“Pirkey’s fuel costs have been rising for more than 15 years and were expected to remain higher than other similar SWEPCO plants.
“The analysis that led to the decision in 2020 to retire the Pirkey plant showed that avoiding compliance costs and higher ongoing operating and fuel costs would save customers an estimated $740 million to $1.2 billion.”
Texas currently leads the United States in transitioning to renewables, with wind and solar increasing to today’s combined 45 percent of generation from virtually nil in 2008. As Texas shutters coal plants, it has been replacing them almost exclusively with wind and solar.
Utilities argue that, because the marginal costs of producing wind and solar are lower than that for oil and gas, electricity will become cheaper. However, critics are skeptical that consumers will ever see any savings.
In addition to the cost of a duplicative generation system, there’s also the cost of building a massive transmission network to connect urban areas where the electricity demand is concentrated from remote locations where it’s windy or sunny.
These costs are often passed on to consumers in the form of higher energy bills.
“Wind and solar will, at grid scale, increase the total system cost, which is the only thing that’s relevant to a country,” Mr. Schernikau said.
“You don’t care about the marginal cost of a kilowatt-hour, you care about the total system cost, and the total system cost always goes up the more wind and solar you have in the system.”
Wind and solar advocates also claim that building battery storage systems will solve that problem, eliminating the need for backup generation systems, which is disputed by many analysts.
“The cost to store energy in grid-scale batteries is about 200-fold more than the cost to store natural gas to generate electricity when it is needed,” reads a report by Mark Mills, a senior fellow at the Manhattan Institute.
He said that “$200,000 worth of Tesla batteries, which collectively weigh over 20,000 pounds, are needed to store the energy equivalent of one barrel of oil.”
“Even a 200 percent improvement in underlying battery economies and technology won’t close such a gap,” Mr. Mills said.
Industries Leaving Germany
Higher electricity prices aren’t just affecting consumers. They’re also affecting companies, driving up production costs and making them less competitive.
As a result of Germany’s Energiewende, many manufacturing companies are relocating facilities to Asia, according to Mr. Schernikau.
“Heavy industry is leaving the country,” he said. “I’m speaking to industrialists and family businesses, who say, ‘I have to look at alternatives; the cost of power is too high and the reliability is decreasing; you cannot run industrial organizations like this.’”
Many wind and solar advocates argue that shutting down coal and gas plants is worth the risk and the cost because it’ll stop global warming. However, achieving that goal appears unlikely.
Since 2006, the United States has reduced its CO2 emissions to 5 billion tons per year in 2022, or about the same level as 1979, from about 6 billion.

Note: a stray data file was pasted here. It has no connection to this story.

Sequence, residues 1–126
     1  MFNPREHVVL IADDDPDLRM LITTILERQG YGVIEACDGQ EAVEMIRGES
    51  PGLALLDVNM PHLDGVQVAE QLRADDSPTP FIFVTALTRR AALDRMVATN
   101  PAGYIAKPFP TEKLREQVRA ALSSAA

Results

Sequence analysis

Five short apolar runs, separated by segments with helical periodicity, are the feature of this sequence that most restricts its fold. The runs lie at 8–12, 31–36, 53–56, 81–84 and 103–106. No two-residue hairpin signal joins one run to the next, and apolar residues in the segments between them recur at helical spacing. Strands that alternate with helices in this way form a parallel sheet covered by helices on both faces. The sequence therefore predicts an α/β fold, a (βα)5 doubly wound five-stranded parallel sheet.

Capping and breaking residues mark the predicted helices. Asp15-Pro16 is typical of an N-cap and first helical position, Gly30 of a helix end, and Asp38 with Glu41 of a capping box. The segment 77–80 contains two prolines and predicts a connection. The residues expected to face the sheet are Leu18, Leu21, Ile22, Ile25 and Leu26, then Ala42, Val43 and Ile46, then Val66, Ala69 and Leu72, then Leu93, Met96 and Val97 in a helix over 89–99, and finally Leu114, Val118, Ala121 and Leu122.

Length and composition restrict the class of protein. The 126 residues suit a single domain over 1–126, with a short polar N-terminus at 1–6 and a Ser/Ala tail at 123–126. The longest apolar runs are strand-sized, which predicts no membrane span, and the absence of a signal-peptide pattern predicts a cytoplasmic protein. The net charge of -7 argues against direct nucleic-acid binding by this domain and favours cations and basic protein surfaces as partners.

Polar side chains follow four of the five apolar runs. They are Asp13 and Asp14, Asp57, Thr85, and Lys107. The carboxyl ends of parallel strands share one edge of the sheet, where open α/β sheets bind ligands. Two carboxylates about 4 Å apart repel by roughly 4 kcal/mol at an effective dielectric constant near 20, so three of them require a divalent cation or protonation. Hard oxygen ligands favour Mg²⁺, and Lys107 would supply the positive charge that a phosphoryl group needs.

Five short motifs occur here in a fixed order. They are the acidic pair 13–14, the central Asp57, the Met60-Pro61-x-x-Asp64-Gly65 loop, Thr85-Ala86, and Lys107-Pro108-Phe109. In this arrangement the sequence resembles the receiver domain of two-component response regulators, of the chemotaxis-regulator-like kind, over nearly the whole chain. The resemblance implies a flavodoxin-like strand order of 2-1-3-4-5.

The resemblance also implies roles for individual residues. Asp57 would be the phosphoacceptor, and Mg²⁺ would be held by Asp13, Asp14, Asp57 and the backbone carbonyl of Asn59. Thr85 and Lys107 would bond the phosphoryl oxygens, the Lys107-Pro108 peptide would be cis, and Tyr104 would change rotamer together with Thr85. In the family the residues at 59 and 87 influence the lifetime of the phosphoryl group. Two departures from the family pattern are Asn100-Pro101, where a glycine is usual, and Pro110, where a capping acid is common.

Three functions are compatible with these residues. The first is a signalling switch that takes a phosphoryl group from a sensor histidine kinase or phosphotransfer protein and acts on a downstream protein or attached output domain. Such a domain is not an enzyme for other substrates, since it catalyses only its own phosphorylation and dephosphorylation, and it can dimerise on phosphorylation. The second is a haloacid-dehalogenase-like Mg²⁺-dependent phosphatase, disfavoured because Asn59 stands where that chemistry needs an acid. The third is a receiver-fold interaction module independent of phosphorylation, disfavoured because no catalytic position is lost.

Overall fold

India also doubled its CO2 emissions during this time, to a current level of 2.5 billion tons.
While the West’s success in reducing emissions is overwhelmed by the rapid growth in developing countries, also not taken into account in green accounting are CO2 emissions from mining and producing wind turbines and solar panels.
Nor is there an accounting for the environmental damage from using often pristine land and seascapes to install and operate wind turbines and solar panels.
“Power plants and transmission lines will be located in areas not accustomed to industrial development, potentially creating opposition,” a report by the left-leaning think tank Brookings Institution reads.
“Wind and solar generation require at least 10 times as much land per unit of power produced than coal or natural gas-fired power plants, including land disturbed to produce and transport the fossil fuels.”
Retreat from Net-Zero Mandates
Germany was forced to restart or delay the closure of about 20 coal-fired plants last year because of the failure of wind and solar to deliver reliable energy, coupled with a boycott of natural gas supplies from Russia,
That’s part of what appears at the moment to be a multifaceted retreat from net-zero mandates across Europe, which also includes delaying bans on internal combustion engines and gas stoves.
The share of wind and solar in total energy consumption in Germany is only about 5 percent, indicating a continuing demand for fossil fuels. Despite all government efforts throughout Europe to shift to renewables, fossil fuels still represent 70 percent of total energy consumption there.
Worldwide, fossil fuels make up 80 percent of energy consumption, and countries such as China and India are investing heavily in new coal-fired power plants.
“For me, it’s not political, it’s just pure logic, economically and environmentally, what is the right thing to do,” Mr. Schernikau said. “And unfortunately wind and solar are not the right thing to do at grid scale.
“It doesn’t mean every windmill is bad; it doesn’t mean every solar panel is bad. But if you try to replace the system with this, you are running into trouble, and Germany is a perfect example.”
As Europe rethinks its transition to renewables and Asia charges forward with building its coal capacity, the United States is accelerating its dependence on wind and solar generation.
“We are in a very scary place,” Mr. Milloy said. “We are headed towards a brick wall and there is nobody doing anything about it.”